There are a lot of words unique to Okinawa that crop up in everyday conversation, leaving anyone who doesn’t already know the term without a clue what’s being said. Monchū could be considered the epitome of such words. The first time I heard this word, I was interviewing a folklorist from Okinawa. When he said, “I am researching on monchū (もんちゅう),” regrettably what came to my mind was gate posts with the small Okinawan lions, the shīsā, on top. As our conversation continued, however, we both became more and more confused until the folklorist realized something was wrong. He peered over at my notes and said, “No, not 門柱 (monchū/gatepost) but rather 門中 (monchū); ‘Inside (中) the gate (門).’”
When the boxer Gushiken Yoko was asked by a mainlander, “What’s your kamon (家紋/family crest) ?” what Gushiken heard was “What’s your kamon (家門/house gate)?” and so he answered, “Cement blocks.” I’m certainly not one to laugh.
Monchū refers to a group of people with ancestral blood ties down the paternal side. You could imagine it like the leaves on the branches that link the paternal blood relatives together. The monchū system developed out of the court ranks sometime around the seventeenth century, and the most distinguished families can trace their ancestry back to that time period. A guide for that purpose has even been published and you can find it in the Okinawa section of Japanese bookstores.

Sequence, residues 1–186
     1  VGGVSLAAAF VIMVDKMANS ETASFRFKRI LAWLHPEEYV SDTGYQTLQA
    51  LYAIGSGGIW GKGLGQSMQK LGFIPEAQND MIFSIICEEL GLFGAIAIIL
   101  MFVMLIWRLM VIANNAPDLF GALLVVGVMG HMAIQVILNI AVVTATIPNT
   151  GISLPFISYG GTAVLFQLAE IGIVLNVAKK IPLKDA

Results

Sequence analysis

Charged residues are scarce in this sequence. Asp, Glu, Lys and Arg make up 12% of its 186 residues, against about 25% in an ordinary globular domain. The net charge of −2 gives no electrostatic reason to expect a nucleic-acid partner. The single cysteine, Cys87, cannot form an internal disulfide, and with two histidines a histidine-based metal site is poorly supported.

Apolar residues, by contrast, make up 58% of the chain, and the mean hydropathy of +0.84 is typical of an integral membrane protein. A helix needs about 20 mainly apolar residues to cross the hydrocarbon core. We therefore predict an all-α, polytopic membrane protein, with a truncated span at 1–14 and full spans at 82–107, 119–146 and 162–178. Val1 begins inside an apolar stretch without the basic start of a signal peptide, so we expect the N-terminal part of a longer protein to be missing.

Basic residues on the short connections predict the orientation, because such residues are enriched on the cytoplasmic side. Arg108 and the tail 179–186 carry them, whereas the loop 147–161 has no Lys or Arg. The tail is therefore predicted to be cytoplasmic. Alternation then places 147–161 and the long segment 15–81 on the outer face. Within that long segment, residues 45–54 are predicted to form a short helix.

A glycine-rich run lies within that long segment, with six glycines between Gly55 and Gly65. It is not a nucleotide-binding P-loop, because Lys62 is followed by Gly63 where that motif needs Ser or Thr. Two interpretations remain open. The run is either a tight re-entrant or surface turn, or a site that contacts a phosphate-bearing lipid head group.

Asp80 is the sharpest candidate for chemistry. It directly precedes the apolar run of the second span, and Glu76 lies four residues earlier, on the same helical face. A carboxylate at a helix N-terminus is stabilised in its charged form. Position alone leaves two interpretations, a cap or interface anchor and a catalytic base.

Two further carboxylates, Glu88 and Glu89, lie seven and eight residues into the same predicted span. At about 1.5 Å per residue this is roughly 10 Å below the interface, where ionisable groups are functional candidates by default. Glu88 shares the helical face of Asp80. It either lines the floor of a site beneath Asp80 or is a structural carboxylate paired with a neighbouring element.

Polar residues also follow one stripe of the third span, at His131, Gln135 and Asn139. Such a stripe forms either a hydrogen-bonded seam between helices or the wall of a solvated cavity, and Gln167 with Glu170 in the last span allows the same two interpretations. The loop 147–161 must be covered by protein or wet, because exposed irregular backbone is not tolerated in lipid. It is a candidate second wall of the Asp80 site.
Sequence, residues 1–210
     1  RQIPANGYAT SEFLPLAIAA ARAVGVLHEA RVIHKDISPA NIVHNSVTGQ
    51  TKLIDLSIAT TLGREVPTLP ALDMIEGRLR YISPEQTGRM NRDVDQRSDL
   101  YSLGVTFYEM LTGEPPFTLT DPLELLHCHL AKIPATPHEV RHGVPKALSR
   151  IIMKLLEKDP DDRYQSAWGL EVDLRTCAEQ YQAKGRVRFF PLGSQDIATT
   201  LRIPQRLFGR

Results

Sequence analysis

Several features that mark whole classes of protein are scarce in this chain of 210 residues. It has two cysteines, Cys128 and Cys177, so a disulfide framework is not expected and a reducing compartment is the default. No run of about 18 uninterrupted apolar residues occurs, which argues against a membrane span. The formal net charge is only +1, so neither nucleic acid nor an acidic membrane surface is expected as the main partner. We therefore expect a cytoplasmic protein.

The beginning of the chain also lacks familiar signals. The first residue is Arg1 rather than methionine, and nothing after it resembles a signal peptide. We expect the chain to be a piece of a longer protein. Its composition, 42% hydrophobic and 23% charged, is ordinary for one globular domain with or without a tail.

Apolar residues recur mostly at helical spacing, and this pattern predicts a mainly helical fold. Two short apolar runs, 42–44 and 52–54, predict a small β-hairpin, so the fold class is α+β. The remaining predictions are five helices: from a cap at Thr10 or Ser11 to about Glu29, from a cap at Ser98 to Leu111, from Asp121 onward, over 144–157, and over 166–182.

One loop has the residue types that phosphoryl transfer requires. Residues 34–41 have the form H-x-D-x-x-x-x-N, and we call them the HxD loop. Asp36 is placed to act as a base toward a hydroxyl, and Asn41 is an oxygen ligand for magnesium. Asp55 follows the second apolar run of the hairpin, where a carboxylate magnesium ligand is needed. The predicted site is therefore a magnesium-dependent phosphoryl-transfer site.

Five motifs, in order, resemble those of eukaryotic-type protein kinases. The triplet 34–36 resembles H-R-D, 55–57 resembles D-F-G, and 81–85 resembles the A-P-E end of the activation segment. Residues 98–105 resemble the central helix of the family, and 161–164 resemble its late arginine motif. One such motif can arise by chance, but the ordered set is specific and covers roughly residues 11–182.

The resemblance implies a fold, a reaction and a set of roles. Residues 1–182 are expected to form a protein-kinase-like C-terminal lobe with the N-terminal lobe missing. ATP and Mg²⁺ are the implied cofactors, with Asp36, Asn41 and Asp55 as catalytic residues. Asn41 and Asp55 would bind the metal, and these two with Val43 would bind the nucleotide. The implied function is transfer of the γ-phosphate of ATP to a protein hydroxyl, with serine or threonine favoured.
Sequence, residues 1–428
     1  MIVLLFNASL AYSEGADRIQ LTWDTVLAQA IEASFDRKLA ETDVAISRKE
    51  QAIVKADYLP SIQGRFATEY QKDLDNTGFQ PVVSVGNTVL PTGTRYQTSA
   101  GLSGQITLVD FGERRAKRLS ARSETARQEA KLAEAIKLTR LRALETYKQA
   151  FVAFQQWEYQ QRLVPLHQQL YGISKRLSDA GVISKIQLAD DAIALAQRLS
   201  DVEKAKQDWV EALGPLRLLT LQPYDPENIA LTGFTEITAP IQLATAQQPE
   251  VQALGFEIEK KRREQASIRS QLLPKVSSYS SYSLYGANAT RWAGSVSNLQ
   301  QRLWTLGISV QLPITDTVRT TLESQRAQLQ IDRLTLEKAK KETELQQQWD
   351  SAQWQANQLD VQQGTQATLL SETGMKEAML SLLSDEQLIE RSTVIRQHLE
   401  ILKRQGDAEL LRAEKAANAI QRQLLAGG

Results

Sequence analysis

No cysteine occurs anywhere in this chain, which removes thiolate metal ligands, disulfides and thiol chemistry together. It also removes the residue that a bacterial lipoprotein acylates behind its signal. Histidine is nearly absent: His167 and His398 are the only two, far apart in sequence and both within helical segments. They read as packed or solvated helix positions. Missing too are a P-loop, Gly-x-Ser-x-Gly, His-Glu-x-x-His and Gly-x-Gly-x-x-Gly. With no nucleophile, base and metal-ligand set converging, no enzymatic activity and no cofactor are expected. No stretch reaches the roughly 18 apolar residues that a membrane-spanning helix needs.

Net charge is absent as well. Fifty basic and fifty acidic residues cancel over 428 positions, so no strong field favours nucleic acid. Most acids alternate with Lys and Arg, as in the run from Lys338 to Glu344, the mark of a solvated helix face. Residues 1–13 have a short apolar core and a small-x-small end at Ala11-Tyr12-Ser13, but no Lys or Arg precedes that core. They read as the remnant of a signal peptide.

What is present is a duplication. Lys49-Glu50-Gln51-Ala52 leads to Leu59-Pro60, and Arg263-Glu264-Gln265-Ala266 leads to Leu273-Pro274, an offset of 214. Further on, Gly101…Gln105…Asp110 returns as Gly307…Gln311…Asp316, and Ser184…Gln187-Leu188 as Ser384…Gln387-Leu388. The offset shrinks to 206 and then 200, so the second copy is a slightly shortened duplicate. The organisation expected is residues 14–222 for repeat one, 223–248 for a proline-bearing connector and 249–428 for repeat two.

The monchū’s most important role comes in memorial services for ancestors. Monchū ancestors are laid to rest in large turtle-back tombs (kameko baka or kikkō baka), and from time to time, the living members of the monchū often gather at these tombs for memorial services. For example, during the spring Shīmī Festival, individual families first hold a small Shīmī, and then all the blood relatives gather from far and wide at the monchū tomb for a large Shīmī. Sometimes larger monchūs even announce their ceremonies in the newspaper since there wouldn’t be enough time to call every individual member.
In these large monchū members often cannot put a name to a face, which sometimes means that two strangers might start talking in a bar only to realize, “Oh! We’re going to be in the grave together someday!” You sometimes hear stories about people putting on airs and demanding respect right until they realize they’re talking with someone of the same monchū. They’ll do a complete about-face and become more courteous. This is because the monchū age takes precedence over any other kind of social status.
My ancestors lived in Tokyo and I was born and raised in Tokyo, so I find it hard to grasp the feeling of monchū. I only really see my relatives when someone passes away, and though they all live in Tokyo some of my great-aunts and uncles have gone more than a decade without seeing each other. Somewhere around my grandfather’s generation, the ancestral line was broken and so we don’t even know where our family grave is. Okinawans would probably find my situation unbelievable.